In a HIGH COURT JUDGMENT    last week, the Court exercised its discretion under the Forfeiture Act 1892, to allow the Claimant, Sally Challen to inherit her deceased husband’s estate, despite being convicted of his manslaughter.  The COURT OF APPEAL JUDGMENT contains many of the facts relevant to the criminal proceedings.

The Court of Appeal ruled that Ms Challen’s murder conviction was unsafe due to the omission of what was held to be important expert evidence, but made no finding on whether her deceased husband exercised ‘Coercive Control’ or committed any criminal acts. The Court of Appeal ordered a re-trial.

Subsequently the CPS and the Defence agreed on a manslaughter plea.  The CPS will have taken into account the likelihood of conviction (bearing in mind the criminal standard of proof) and the public interest. 

Despite the absence of any finding by another Court of coercive control, at paragraph 71, the judge determined that without the deceased’s ‘appalling behaviour’ the Claimant would not have killed him. 

The Court of Appeal Judgment includes the following paragraph in summarising the facts of the case:

In the week before the killing, the appellant viewed the deceased’s Facebook page several times,

and in particular, she saw an entry for a woman whom the deceased had arranged to meet

socially and with others on Sunday, 15 August.  On Saturday, 14 August the appellant

took a hammer with her and she went to the former matrimonial home to help her husband

clear out the house and garage.  At about 3.30 pm she went out to buy food for lunch. 

In her absence the deceased telephoned a woman and left a voicemail message.  When she

returned, the appellant noticed that the phone had been moved.  She called the last dialled

number and realised the deceased had called another woman.  Knowing he had made

arrangements to meet her, the appellant asked the deceased if she could see him the

following day.  He replied, “Don’t question me.”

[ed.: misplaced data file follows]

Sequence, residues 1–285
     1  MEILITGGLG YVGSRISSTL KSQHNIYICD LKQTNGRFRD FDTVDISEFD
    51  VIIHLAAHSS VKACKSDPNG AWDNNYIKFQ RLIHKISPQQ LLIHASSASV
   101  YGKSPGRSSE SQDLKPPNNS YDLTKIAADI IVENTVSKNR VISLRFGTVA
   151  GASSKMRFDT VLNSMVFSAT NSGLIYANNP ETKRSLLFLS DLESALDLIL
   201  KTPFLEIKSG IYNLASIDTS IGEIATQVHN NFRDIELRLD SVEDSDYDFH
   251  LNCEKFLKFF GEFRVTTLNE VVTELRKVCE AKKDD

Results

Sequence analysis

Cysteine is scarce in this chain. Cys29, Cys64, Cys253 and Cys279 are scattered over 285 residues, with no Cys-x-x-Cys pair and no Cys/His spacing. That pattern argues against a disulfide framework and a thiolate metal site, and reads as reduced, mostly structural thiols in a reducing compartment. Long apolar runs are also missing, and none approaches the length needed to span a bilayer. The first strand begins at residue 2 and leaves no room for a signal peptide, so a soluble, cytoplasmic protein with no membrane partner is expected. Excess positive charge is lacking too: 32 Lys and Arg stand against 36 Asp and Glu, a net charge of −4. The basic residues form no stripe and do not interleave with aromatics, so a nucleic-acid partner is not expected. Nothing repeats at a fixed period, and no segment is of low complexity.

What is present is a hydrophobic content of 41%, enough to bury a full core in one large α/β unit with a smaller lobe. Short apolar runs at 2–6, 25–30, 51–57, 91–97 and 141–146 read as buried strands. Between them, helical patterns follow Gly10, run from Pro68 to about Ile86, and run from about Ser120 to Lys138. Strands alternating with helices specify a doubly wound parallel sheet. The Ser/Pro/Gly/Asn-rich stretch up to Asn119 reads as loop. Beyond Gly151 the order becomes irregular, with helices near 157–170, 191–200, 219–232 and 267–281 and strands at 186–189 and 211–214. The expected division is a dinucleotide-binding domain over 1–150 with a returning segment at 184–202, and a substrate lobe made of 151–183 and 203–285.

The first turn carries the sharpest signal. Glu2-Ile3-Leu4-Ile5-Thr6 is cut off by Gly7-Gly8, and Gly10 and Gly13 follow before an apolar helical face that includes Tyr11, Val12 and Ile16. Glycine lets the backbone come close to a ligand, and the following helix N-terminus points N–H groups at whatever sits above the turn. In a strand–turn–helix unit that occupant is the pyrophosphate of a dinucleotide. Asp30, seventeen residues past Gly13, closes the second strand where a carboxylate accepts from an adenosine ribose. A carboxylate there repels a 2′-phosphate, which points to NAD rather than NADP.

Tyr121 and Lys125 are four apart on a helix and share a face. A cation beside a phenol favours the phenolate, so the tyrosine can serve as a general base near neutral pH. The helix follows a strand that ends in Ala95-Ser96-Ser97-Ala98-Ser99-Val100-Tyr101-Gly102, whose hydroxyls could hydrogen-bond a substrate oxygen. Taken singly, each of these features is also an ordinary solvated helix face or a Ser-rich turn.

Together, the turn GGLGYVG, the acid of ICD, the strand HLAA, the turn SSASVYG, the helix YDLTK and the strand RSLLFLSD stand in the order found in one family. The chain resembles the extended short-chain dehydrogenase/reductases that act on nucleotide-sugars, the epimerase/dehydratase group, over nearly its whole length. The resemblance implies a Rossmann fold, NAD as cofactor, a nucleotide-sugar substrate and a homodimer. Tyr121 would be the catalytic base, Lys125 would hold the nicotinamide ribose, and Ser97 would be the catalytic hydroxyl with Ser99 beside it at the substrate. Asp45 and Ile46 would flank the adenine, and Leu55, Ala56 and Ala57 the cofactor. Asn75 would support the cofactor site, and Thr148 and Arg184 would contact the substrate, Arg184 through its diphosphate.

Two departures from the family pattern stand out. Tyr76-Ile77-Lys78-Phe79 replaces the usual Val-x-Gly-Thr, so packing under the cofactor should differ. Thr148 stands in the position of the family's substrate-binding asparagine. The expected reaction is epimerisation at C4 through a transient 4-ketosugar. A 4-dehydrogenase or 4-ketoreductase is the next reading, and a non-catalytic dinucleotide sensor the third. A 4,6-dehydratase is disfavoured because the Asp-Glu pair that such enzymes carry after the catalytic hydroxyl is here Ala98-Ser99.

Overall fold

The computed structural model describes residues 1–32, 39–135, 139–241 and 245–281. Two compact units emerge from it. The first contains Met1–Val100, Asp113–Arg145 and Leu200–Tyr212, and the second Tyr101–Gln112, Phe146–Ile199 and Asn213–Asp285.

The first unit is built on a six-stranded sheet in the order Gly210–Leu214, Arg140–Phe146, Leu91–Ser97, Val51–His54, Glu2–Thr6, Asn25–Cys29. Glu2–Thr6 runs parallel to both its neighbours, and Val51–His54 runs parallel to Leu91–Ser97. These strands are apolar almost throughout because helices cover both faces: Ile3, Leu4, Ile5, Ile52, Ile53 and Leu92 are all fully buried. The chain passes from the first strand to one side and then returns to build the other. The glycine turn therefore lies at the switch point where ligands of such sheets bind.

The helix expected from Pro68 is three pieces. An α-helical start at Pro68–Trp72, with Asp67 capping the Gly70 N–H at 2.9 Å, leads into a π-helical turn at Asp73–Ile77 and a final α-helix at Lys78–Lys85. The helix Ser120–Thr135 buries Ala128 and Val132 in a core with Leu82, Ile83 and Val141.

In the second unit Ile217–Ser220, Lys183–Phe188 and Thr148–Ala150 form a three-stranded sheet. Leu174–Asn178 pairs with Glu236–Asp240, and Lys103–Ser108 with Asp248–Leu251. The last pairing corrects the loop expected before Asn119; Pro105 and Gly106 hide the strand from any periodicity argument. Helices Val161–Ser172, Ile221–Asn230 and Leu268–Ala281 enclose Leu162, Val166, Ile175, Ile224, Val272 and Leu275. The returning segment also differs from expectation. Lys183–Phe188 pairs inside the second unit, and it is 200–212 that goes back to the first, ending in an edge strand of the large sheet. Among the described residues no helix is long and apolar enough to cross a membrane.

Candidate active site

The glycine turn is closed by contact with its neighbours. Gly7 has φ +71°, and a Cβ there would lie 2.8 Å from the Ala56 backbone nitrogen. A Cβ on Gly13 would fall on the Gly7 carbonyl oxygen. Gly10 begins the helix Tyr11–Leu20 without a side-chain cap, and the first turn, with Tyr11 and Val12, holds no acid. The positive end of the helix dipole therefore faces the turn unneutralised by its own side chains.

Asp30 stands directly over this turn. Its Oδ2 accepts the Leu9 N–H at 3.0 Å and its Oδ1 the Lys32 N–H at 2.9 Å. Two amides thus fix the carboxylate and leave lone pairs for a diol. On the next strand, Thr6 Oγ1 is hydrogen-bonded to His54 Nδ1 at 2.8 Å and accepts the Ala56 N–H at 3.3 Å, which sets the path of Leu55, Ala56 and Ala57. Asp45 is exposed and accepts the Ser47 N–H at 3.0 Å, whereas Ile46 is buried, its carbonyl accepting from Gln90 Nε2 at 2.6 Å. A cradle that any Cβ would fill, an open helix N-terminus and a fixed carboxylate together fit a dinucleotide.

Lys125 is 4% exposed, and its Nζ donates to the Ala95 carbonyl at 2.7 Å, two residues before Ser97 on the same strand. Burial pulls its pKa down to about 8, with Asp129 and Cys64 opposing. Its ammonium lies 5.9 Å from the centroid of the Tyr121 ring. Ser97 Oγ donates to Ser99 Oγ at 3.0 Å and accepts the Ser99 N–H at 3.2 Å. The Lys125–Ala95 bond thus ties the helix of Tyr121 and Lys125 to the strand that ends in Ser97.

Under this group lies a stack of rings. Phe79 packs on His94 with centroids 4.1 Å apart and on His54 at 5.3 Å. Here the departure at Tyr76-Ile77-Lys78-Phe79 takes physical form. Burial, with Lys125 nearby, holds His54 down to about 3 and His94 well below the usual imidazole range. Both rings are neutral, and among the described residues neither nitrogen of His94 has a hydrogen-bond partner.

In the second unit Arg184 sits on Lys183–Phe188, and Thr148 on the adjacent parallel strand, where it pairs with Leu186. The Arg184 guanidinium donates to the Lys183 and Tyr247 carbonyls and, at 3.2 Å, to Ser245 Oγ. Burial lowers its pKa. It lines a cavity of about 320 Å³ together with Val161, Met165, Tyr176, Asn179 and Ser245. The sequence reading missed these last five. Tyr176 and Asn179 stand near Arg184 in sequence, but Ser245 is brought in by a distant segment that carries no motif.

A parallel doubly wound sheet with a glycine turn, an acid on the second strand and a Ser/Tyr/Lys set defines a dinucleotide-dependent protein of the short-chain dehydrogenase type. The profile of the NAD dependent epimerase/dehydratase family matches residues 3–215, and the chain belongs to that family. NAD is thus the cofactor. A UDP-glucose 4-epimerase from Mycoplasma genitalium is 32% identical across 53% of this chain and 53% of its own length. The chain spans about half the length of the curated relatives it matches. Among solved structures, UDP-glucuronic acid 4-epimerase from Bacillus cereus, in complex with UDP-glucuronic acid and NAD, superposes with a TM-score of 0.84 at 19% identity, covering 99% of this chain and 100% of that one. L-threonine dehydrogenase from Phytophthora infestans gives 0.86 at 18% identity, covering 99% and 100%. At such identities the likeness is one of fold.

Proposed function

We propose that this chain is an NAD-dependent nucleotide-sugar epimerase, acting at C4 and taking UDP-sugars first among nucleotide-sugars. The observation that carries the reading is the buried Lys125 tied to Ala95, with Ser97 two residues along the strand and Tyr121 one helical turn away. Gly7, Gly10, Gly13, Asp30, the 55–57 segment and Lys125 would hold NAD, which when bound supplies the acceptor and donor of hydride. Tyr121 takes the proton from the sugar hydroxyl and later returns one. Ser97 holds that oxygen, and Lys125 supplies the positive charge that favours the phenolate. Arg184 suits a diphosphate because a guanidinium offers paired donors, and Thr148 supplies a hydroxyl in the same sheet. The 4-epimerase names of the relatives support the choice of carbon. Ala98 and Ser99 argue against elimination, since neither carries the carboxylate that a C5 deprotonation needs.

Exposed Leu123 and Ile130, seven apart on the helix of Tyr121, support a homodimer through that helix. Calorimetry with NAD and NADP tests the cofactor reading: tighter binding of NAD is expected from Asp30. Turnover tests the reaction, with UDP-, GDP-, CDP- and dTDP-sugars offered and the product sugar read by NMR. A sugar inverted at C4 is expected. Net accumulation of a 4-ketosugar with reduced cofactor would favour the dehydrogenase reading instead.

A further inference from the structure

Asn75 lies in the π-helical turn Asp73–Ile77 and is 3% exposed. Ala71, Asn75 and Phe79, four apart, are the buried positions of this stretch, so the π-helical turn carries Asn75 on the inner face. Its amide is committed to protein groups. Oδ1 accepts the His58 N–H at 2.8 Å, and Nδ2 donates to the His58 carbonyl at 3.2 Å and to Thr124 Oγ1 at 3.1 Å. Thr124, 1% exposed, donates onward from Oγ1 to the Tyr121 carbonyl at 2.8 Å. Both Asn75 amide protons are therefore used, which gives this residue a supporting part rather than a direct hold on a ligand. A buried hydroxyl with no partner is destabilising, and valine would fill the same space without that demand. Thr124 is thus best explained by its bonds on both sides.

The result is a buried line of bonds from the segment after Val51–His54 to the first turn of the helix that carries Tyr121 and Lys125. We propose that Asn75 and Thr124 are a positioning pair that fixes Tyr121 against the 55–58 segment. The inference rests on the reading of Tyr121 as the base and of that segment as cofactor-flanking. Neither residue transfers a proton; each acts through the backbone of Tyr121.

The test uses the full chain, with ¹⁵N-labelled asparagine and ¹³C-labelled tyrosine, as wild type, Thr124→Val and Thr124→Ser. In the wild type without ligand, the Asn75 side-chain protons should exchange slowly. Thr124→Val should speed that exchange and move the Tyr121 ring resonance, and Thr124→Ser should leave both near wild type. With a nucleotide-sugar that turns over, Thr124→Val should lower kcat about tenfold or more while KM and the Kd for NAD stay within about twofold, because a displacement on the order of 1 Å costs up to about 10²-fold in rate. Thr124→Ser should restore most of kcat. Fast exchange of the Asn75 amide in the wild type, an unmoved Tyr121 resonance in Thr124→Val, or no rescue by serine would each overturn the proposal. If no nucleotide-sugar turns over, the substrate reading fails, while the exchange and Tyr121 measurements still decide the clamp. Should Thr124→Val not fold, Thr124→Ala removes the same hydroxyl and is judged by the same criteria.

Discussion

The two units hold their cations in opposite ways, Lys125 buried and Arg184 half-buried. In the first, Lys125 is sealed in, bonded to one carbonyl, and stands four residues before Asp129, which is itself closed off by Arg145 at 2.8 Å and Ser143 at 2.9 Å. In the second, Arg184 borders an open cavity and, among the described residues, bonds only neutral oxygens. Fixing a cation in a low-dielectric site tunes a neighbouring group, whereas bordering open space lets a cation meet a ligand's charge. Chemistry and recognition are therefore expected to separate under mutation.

She made them something to eat.  As he was eating, she took the hammer from her handbag and

repeatedly hit him over the head with severe blows.  He must have tried unsuccessfully to

defend himself because there were nine sites of injuries to his hand and arms consistent

with defensive wounds.  She then covered his body with blankets and left a note which

said, “I love you, Sally”, changed her clothes and went home”.

Furthermore, at page 16 of the Judgment, the Prosecution refer to the fact that Ms Challen had admitted to taking the hammer to the deceased’s home and to doing so on a previous occasion.

‘Coercive Control’ became an offence under the Serious Crime Act 2015.  CPS GUIDANCE refers to behaviour that is already a criminal offence as well as behaviour that no right minded person would condone.

However, there are also very vague and wide-ranging descriptions under the ‘Relevant Behaviour’ section, for example ‘taking control of their everyday life’.  This does not have to involve threats of violence or conduct that would otherwise be criminal – see section 76 (4) (b) SCA.

This NEWSPAPER ARTICLE which is supposed to be describing the law, asserts that a relationship ‘must be a partnership’ (point 9) and that not giving a spouse enough money, may contravene the law (point 2).